The History of American Prison Uniforms
© 2018, Stephanie Hoover - All Rights Reserved. Permission Required for Re-Use or Distribution.
In 1787, prisoners from Pennsylvania's Eastern State Penitentiary were tasked with cleaning streets and repairing roads. To minimize the chances of convicts escaping into the bystanding crowd, their heads were shaved, they were chained together, and they wore "distinct infamous dress."
For many years, Eastern State was rare in its prisoner dress code. Not in the distinct dress, as that practice had migrated from England, but rather in the fact that there was no standard uniform. Textiles for prisoner garb were woven by prisoners on looms within the prison. Uniforms were sewn from whatever fabrics were produced. The only mandatory design rule was that the end result was to be a mixture of colors and patterns uncommon in apparel of the day. In other words, prison garb was to be so "infamous" that no one could mistake a prisoner for a free man taking a stroll along the streets of Philadelphia.
There was a keen distinction between local, 19th century jails (called "goals" by our ancestors) and penitentiaries. Jails served as temporary housing while a prisoner awaited trial. Uniforms, therefore, were not important. Still, jail keepers employed a surprisingly simple and effective means of identifying their prisoners: they took their shoes. The stigma against those with bare feet persists even to today, although few know its origins.
State penitentiaries, on the other hand, housed a much larger and more permanent population. Prison supervisors believed uniforms were not only necessary for identification, but also key to shaming prisoners into not re-offending. In effect, the uniforms themselves were part of the punishment.
In the early 19th century, states held differing views on how prisoners' uniforms should be distributed, cleaned and replaced. Maine's Board of Managers determined that prisoners were to be provided a clean suit of clothes every Sabbath morning. Few other prisons practiced that level of hygiene. Some prisons provided one uniform when a prisoner was admitted, and it was meant to last the entire term of confinement. This uniform was not laundered, but prisoners were required to wash daily using soap and towels offered at varying intervals. In other prisons, the shirt was regularly laundered, but not the pants.
Unlike Eastern State Penitentiary, most prisons in the late 1700s and early 1800s created uniform styles that indicated the crime for which the man was imprisoned, or the number of times he was incarcerated. Murderers in Louisiana, for instance, were made to wear "motley-colored" uniforms: black pants and shirts splattered and streaked with red paint. Stripes or braids were added to the shirts to indicate the number of incarcerations.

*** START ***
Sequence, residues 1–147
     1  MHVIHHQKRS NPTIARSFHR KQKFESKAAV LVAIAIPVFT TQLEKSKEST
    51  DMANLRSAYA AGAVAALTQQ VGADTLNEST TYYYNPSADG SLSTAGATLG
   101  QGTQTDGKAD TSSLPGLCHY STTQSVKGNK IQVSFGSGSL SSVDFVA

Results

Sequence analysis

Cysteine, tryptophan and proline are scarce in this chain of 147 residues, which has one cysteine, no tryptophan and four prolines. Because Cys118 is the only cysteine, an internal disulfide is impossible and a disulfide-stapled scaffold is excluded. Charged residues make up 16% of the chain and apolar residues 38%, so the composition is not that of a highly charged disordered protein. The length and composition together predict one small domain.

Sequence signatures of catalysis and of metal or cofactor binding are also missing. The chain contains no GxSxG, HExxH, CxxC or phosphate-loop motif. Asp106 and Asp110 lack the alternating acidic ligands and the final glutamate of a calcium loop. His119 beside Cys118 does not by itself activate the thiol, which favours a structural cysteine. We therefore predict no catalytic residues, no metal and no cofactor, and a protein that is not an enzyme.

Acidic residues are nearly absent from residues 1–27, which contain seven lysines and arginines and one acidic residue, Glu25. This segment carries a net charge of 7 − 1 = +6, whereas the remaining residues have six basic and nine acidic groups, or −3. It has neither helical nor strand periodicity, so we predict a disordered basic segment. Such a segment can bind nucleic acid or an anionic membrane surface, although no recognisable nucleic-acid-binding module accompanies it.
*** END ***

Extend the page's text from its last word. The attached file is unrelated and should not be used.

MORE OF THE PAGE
Prior to the Civil War, the most common prison uniform was of parti-color design. Sometimes the shirt and pants were different colors. In other instances the front of the uniform was one color, while the back was another.
The stereotypical black-and-white stripes are often erroneously reported as being the brainchild of the managers of New York's Auburn State Prison. Specific mention of striped uniforms, however, appears in the records of New York's Newgate prison in 1815 - two years before construction on Auburn was even completed.
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From Clouded in Mystery Publisher Stephanie Hoover:
Fabric for Newgate's striped uniforms, like other northern prisons, was weather-dependent. In the winter, the jackets and trousers were made of striped wool. Summer uniforms were made of cotton. But Newgate prisoners also wore parti-color uniforms. Second termers (those incarcerated twice) wore uniforms divided down the middle, half of which was brown and the other half gray. Third termers wore a tri-color cap with the number "3" sewn onto its front.
Post Civil War, many states recognized a need for penal reform. One of the cornerstones of reform was the belief that parti-colored, motley colored and striped uniforms were degrading. This destruction of self-worth, reformers argued, made it more likely that released prisoners would - sooner rather than later - end up back behind bars. By the beginning of the 20th century, striped and other "infamous" uniforms were discarded by the majority of prison administrators. Plain, usually gray, uniforms replaced them.
By the 21st century, most prisoners wore "scrubs" - baggy matching shirts and pants similar to those worn in the medical profession. Some counties in the United States have used this similarity as justification to turn the clock back on prison uniform design. Several institutions adopted orange and white striped uniforms, ostensibly to prevent a misidentification of medical professionals as inmates. This return to shame-inducing garb was preceded in the 1990s by now-disgraced Arizona sheriff Joe Arpaio, who made pink underwear mandatory because, he claimed, it prevented theft.
On December 17, 2015 the United Nations General Assembly passed Standard Minimum Rules for the Treatment of Prisons, commonly known as the Mandela Rules. They were inspired by and named after the former South African president, Nelson Mandela, who served 27 years in jail. One of these rules prescribes for the elimination of uniforms that shame prisoners. More than 200 years after Eastern State Penitentiary's "distinct infamous dress" caused a stir on the streets of Philadelphia, the debate on the efficacy of humiliating prison uniforms continues. ☁
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